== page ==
Date of Award


Document Type


Degree Name

Doctor of Philosophy (PhD)



First Advisor

Lingyan Yang, Ph.D.

Second Advisor

David Downing, Ph.D.

Third Advisor

Beverly E. Schneller, Ph.D.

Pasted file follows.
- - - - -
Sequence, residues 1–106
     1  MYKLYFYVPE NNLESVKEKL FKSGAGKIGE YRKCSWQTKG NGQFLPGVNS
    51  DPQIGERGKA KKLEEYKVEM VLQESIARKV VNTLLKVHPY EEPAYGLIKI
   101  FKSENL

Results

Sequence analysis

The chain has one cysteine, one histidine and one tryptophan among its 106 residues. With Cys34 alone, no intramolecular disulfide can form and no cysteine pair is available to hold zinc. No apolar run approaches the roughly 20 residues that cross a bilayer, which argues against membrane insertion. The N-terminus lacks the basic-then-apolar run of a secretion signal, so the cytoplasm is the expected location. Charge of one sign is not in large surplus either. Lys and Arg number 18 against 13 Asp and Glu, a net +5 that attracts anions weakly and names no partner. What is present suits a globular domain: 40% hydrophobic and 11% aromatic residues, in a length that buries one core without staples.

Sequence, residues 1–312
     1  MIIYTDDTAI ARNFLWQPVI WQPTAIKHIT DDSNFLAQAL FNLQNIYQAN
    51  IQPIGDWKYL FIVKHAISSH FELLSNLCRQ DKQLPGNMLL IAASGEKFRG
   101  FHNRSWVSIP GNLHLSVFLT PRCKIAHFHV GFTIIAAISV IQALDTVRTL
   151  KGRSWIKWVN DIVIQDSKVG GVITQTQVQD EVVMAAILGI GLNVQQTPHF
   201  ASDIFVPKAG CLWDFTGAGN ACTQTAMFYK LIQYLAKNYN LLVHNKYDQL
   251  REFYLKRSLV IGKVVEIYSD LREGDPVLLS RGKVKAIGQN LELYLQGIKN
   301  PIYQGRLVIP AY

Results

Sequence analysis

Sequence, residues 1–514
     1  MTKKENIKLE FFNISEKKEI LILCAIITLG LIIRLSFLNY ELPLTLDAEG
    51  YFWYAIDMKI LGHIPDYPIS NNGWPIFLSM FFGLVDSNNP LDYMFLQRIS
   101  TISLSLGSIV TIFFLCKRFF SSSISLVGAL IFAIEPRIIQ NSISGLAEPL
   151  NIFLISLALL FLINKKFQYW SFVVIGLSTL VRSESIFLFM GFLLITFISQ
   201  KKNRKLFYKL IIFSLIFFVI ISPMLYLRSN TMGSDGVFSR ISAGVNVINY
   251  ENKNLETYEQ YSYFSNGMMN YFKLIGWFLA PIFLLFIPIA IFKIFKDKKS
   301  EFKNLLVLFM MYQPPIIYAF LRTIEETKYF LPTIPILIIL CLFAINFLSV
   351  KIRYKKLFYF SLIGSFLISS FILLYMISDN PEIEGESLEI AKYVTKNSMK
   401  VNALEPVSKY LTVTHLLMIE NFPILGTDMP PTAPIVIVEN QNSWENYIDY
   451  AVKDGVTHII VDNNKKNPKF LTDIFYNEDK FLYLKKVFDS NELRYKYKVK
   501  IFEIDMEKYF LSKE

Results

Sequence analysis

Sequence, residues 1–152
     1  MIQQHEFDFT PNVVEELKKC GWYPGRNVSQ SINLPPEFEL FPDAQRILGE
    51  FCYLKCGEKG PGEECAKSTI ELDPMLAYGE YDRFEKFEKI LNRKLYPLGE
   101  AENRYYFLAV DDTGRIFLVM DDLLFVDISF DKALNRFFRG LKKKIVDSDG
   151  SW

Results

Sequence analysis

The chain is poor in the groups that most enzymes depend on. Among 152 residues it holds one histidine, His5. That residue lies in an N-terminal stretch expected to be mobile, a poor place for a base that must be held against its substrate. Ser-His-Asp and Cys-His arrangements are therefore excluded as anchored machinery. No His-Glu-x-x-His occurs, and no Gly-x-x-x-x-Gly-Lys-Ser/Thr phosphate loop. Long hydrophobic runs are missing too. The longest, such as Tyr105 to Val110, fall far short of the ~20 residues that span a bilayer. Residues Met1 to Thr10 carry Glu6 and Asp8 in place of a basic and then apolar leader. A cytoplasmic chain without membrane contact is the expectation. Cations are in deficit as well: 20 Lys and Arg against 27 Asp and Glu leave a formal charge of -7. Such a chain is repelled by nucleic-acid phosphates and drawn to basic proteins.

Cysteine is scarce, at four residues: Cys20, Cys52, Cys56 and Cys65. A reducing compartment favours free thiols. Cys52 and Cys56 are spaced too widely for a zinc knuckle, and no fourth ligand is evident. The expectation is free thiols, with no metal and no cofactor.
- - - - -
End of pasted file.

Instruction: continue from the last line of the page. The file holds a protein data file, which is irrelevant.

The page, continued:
This dissertation explores the competitiveness of female characters in selected fiction by Louisa May Alcott (1832-1888). Utilizing a feminist theoretical approach, this discussion shows how Alcott situates her characters in settings where she explores ideas of competition within emergent feminism and capitalism. Alcott, counter to the nineteenth-century norm, shows that women must assert themselves and learn how to compete in a patriarchal capitalist economy. Alcott's progressive strategy contributes to making women's need for self-assertion, with competition as the catalyst for change, more fully understood within a society immersed in the idea of separate spheres for women and men. Alcott reflects her own feminist identity through the characters she designs in her short fiction and novels, including "Behind A Mask, or A Woman's Power," "Pauline's Passion and Punishment," "The Rival Prima Donnas," "Thrice Tempted," "Perilous Play," "Which Wins?," "Betrayed by a Buckle," Moods, Work: A Story of Experience, Little Women, Eight Cousins, and Rose in Bloom. This study includes references to Alcott's personal journals and letters that show the correlation between her personal and literary lives. It also includes a discussion of Alcott's publishers and several popular nineteenth-century periodicals in which Alcott's works appeared. Feminist theorists including Judith Butler, Elaine Showalter, and Nancy Hartsock provide a theoretical basis for an examination of Alcott's works. Because of Alcott's own life experiences, she was acutely aware of the unfairness of woman's situation within a man's world. She revisited this topic through her female characters across her writing career who rebel against this unfairness by asserting their competitive ambitions to find identity and self-fulfillment. The importance of competition as a theme in Alcott's fiction requires closer scrutiny in order to be fully appreciated in literary and biographical terms. Even though Alcott's female characters are shrouded in domestic or sensational settings, their competitive attributes hold a previously underestimated significance within nineteenth-century women's literature.